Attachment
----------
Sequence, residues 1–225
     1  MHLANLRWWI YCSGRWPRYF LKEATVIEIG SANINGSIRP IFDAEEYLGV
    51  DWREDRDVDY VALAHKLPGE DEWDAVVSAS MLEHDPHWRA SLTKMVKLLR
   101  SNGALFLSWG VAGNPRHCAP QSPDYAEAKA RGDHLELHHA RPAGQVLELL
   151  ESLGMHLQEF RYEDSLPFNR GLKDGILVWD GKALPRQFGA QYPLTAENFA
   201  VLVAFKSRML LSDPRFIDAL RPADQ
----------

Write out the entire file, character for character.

Sequence, residues 1–225
     1  MHLANLRWWI YCSGRWPRYF LKEATVIEIG SANINGSIRP IFDAEEYLGV
    51  DWREDRDVDY VALAHKLPGE DEWDAVVSAS MLEHDPHWRA SLTKMVKLLR
   101  SNGALFLSWG VAGNPRHCAP QSPDYAEAKA RGDHLELHHA RPAGQVLELL
   151  ESLGMHLQEF RYEDSLPFNR GLKDGILVWD GKALPRQFGA QYPLTAENFA
   201  VLVAFKSRML LSDPRFIDAL RPADQ